When normal experiences become pathological

The Diagnostic and Statistical Manual of Mental Disorders (DSM)—the primary reference tool for psychologists and psychiatrists—is undergoing a makeover. The DSM-5, set to be released in May 2013, may include a newer, more exclusive definition of autism, and the inclusion of the soon-to-be-defined absexuality and relational disorders. However, one of the more troubling of the proposed additions to the DSM is that grief following the death of a loved one can be classified as major depression. The current edition of the DSM excludes bereavement from the clinical definition of a major depressive episode. Reversing this decision medicalizes a common human experience and is only likely to muddy the waters of the DSM.

A possible explanation for the proposed addition is that the symptoms of grief usually mirror those of depression: listlessness, fatigue, inability to focus, and most obviously, profound sadness. However, there is one crucial difference: depression, as it’s currently defined, is a chronic condition and does not always have a direct environmental cause. Grief, on the other hand, has a direct cause, and in most cases, diminishes with time. Failure to adapt to the loss of a loved one may result in chronic mental disorders, but this is rare. 

Proponents of the addition may see an underrepresentation of resources for the grieving in society. Pulling oneself up by the bootstraps is, after all, the American way.  

Disorders listed in the DSM are conditions which lead to an unfulfilling or unhappy life. Grieving certainly fits the bill, but it typically fades relatively quickly compared to depression. Additionally, grieving is an unfortunate obligation of the human experience. Most people who live beyond the age of 30 experience the loss of a loved one. While the bereaved often describe such times as the hardest in their lives, humans and societal norms have evolved to adapt to this challenge, which is apparent in grief’s comparatively short duration.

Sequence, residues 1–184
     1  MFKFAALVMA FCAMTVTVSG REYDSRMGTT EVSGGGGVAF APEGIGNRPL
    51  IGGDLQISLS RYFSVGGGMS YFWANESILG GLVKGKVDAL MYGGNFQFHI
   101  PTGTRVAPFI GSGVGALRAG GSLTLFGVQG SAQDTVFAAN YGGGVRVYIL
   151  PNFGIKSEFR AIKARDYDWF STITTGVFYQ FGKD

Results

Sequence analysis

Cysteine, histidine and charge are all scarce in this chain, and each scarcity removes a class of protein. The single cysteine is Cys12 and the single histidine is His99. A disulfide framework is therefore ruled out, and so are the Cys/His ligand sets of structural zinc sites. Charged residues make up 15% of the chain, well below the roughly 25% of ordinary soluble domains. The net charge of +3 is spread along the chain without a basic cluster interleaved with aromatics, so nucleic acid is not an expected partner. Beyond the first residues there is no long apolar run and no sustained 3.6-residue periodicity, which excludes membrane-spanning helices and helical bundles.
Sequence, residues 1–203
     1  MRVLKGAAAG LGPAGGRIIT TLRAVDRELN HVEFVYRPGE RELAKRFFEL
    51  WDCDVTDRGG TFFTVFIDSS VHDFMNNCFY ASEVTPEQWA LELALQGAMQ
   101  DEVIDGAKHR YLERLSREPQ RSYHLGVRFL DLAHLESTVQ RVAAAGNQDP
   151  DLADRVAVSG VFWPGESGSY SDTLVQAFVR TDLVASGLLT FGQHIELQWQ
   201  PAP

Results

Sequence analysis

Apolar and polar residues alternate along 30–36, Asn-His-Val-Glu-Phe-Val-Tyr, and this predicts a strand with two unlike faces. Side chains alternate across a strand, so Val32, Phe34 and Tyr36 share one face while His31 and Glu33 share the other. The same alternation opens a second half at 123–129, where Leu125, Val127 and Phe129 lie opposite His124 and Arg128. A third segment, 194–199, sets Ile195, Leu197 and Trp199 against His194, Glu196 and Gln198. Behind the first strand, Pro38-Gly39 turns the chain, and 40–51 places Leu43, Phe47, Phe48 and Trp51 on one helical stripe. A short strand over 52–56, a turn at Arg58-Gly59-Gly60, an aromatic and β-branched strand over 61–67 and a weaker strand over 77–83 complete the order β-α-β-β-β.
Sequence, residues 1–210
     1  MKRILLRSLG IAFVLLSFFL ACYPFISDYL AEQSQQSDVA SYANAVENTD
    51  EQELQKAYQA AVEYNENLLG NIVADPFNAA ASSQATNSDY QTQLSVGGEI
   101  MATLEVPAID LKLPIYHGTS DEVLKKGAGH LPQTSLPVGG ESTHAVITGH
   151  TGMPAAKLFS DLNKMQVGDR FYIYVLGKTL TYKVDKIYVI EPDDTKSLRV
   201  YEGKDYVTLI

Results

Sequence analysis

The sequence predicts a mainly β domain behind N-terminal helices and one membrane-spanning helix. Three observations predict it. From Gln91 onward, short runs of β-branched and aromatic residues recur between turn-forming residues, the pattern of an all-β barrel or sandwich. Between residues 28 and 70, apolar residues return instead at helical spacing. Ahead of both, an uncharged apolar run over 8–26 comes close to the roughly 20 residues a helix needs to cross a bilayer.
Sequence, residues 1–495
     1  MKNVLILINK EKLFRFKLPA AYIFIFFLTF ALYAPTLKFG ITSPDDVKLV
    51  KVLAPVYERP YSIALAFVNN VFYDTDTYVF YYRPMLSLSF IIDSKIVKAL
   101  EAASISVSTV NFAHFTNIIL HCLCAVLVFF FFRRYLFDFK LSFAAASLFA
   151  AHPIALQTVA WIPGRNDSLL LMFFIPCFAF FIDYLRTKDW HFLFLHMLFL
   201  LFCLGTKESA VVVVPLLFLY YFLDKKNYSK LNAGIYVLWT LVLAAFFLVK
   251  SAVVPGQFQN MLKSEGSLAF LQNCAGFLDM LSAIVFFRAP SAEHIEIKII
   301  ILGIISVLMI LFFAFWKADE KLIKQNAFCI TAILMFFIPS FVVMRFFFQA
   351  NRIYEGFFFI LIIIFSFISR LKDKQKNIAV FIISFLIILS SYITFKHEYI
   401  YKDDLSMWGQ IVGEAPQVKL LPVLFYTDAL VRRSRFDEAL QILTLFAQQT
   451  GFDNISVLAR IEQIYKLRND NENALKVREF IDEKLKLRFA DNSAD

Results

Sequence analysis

The DSM is notorious for medicalizing conditions and providing vague definitions for many mental disorders. Defining grief in psychiatric terms implies the need for pharmaceutical treatment, but treating similar symptoms with similar treatments—typically antidepressants—is reactionary. Counseling and social support may be more appropriate. Professionals should determine appropriate treatments for grief, but the widespread use of antidepressants, which are not without strong side effects, may foreshadow medical treatments for a rough day or existential crises.

In the Holmes and Rahe Scale of Stressful Life Events, the death of a spouse is considered to be the most impactful event of the human experience. Death of a family member is fifth. Divorce, retirement, marriage, changing jobs, and pregnancy are all in the top fifteen. While all of these events are stressful and certainly life-changing, social practices have evolved to help people deal with these stressful events. Defining grief in psychiatric terms will exclude the many social ways to process grief. Certainly depression can follow some of these events, but the automatic classification of grief as depression broadens the definition of depression to the point of being meaningless. 

Both depression and grief can be seriously harmful to individuals, but unnecessary psychiatric diagnoses for common human experiences creates more confusion than good. Victims of grief often know that resilience and hope will get them through the grieving process, not abstract definitions of their experiences.

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